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Carbon tax would save industry and benefit UK taxpayers, Policy Exchange study finds

A report by British think tank Policy Exchange argues an industry-wide carbon tax would see UK taxpayers benefit from the industry while keeping the market going strong in the country

An industry-wide UK carbon tax paid by both domestic and international companies would fund a dividend that could be paid to taxpayers, according to a new study.

British think tank Policy Exchange believes an annual lump sum paid directly to the public could help raise support for fighting climate change.

It also argues a levy would prevent carbon leakage, which is where high carbon industries move to areas where carbon prices are lower.

The report, titled The Future of Carbon Pricing: Implementing an independent carbon tax with dividends in the UK, included a cross-political-party foreword by Labour Chancellor Lord Darling of Roulanish and former Conservative Foreign Secretary Lord Hague.

They wrote: “The UK has consistently led the world in responding to the threat of dangerous global warming.

“By signing into law the Climate Change Act in 2008, with cross-party support, we were the first country to set legally-binding targets for reductions in greenhouse gas emissions.

“However, as this report by Policy Exchange shows, many challenges remain, most notably that of carbon leakage, whereby energy-intensive industries move abroad to avoid environmental taxes.

“Cleaning up our own energy system will mean little if we simply outsource our emissions.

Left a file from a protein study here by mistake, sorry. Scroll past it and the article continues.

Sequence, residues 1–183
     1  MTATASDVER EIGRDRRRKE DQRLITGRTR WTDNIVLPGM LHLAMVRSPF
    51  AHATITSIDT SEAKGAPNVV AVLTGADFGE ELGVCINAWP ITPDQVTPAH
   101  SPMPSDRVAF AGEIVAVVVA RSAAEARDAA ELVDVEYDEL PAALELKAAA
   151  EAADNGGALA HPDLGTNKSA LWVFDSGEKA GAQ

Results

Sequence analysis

“In the absence of a unified global carbon tax, border carbon adjustments are essential to ensure that British businesses are operating on a level playing field with those that are foreign-based.

“This is a clear plan for how this would work in practice.

“In our drive to decarbonise the economy, it is important that we take people with us. If carbon taxes are seen to unduly punish that average citizen, they will fail.

“That is why Policy Exchange’s idea of recycling the revenue from carbon taxation back to the people in the form of a ‘carbon dividend’ is worth exploring.

“It would make a carbon tax both progressive and popular.”

carbon tax
Alistair Maclean Darling

 

What would the carbon tax look like?

Policy Exchange laid out a number of features pertaining to its carbon tax.

It argued it should:

  • Be steadily rising and economy-wide, paid by companies that sell fossil fuels in the UK (though ordinary citizens will be protected from price rises through the recycling of tax revenue back into their pockets).

 

  • Initially continue at the level at which the UK leaves the EU ETS (emissions trading system) in 2021, and steadily rise at a rate set by an independent body such as the Climate Change Committee.

 

  • Be structured around border carbon adjustments, to create a level playing field for domestic and international producers so that companies which export carbon intensive products into the UK will be subject to the same level of carbon tax as domestic producers, helping industries like the British steel sector.

 

  • Fund dividends from carbon taxation that are returned directly to the public in an annual lump sum, to lock in political and public support for fighting climate change.

 

  • Allow a rationalisation of environment regulations without reducing environmental protection, as an economy-wide carbon tax will make a number of existing carbon taxes and policies redundant.